July 25, 2002
Add 'hero' to his law enforcement resume. Alexandria Police Chief Charles Samarra was in the right place at the right time to prevent a city resident from jumping off the Woodrow Wilson Bridge Wednesday.
Samarra was driving to work at around 9:30 a.m. from his home in southern Maryland. As he was crossing the Woodrow Wilson Bridge, he heard a call for officers to respond to a possible jumper on the bridge. He saw a Virginia Department of Transportation truck with its lights on and pulled in behind that vehicle. He got out of his car and saw two VDOT employees standing on either side of a woman who appeared to be distraught. The woman was standing next to the rail of the bridge on the inner loop of the Beltway with her arms draped over the rail.
Samarra approached the woman and was able to immediately grab her and pull her to safety.
“His first goal was to make sure that no one got hurt,” said Lt. John Crawford, a spokesperson for the police department. “Once he got her back from the railing, he made sure that she didn’t have any weapons and then took her to his car.”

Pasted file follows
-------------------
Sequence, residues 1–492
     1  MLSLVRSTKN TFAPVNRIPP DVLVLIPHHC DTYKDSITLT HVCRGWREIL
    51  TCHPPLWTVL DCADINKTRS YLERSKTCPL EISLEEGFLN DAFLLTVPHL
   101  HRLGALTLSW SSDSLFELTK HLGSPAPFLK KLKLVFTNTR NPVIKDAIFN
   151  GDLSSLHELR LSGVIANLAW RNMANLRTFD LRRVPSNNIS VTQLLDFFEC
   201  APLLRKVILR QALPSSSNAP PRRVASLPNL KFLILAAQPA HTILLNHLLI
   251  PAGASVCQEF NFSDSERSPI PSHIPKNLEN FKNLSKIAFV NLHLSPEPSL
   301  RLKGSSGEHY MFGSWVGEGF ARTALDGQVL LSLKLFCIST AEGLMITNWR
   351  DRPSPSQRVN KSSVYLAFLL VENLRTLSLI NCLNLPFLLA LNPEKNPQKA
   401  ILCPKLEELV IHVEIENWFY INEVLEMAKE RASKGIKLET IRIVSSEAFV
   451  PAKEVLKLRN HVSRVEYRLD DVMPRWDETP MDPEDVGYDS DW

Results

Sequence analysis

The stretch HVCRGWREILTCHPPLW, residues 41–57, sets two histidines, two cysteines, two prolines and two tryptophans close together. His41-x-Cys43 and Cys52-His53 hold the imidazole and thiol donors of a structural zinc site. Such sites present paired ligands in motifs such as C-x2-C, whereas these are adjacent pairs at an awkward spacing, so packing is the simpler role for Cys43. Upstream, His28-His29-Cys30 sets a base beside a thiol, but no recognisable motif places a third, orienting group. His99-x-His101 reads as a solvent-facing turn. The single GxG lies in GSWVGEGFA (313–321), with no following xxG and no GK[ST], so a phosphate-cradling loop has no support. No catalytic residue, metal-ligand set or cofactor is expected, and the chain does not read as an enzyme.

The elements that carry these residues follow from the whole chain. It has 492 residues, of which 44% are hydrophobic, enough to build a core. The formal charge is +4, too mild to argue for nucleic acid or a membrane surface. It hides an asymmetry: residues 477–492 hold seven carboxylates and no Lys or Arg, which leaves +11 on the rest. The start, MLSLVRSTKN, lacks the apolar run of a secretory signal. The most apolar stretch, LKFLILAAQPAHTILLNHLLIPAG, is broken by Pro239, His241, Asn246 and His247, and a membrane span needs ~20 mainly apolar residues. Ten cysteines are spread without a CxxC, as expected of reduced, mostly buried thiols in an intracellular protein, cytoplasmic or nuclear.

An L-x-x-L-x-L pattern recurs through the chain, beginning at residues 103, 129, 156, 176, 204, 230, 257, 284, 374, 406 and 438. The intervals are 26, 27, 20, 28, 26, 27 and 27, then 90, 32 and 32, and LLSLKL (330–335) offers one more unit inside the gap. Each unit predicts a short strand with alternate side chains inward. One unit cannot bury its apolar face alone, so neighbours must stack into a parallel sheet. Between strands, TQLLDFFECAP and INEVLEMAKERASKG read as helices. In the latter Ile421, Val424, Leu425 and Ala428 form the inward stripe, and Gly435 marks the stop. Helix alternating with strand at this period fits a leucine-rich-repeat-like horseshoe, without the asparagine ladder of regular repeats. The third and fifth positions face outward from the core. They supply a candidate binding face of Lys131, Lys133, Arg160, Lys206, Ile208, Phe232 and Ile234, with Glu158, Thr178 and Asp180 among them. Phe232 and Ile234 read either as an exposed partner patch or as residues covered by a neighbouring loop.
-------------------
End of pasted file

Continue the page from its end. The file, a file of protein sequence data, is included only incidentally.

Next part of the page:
THE WOMAN, a 34-year-old Alexandria resident, remained in Samarra’s car until an Alexandria police officer arrived. That officer later relinquished custody of the woman to Metropolitan police, who have jurisdiction of anything that happens over water on the bridge. She was taken to St. Elizabeth’s Hospital for a psychiatric evaluation.
“It was clear to everyone who saw her that she was planning to jump,” Crawford said. “Our communications personnel received several calls from people who were driving across the bridge. Also, she told the VDOT workers that she was going to jump. The chief’s quick and decisive action prevented her from doing so.”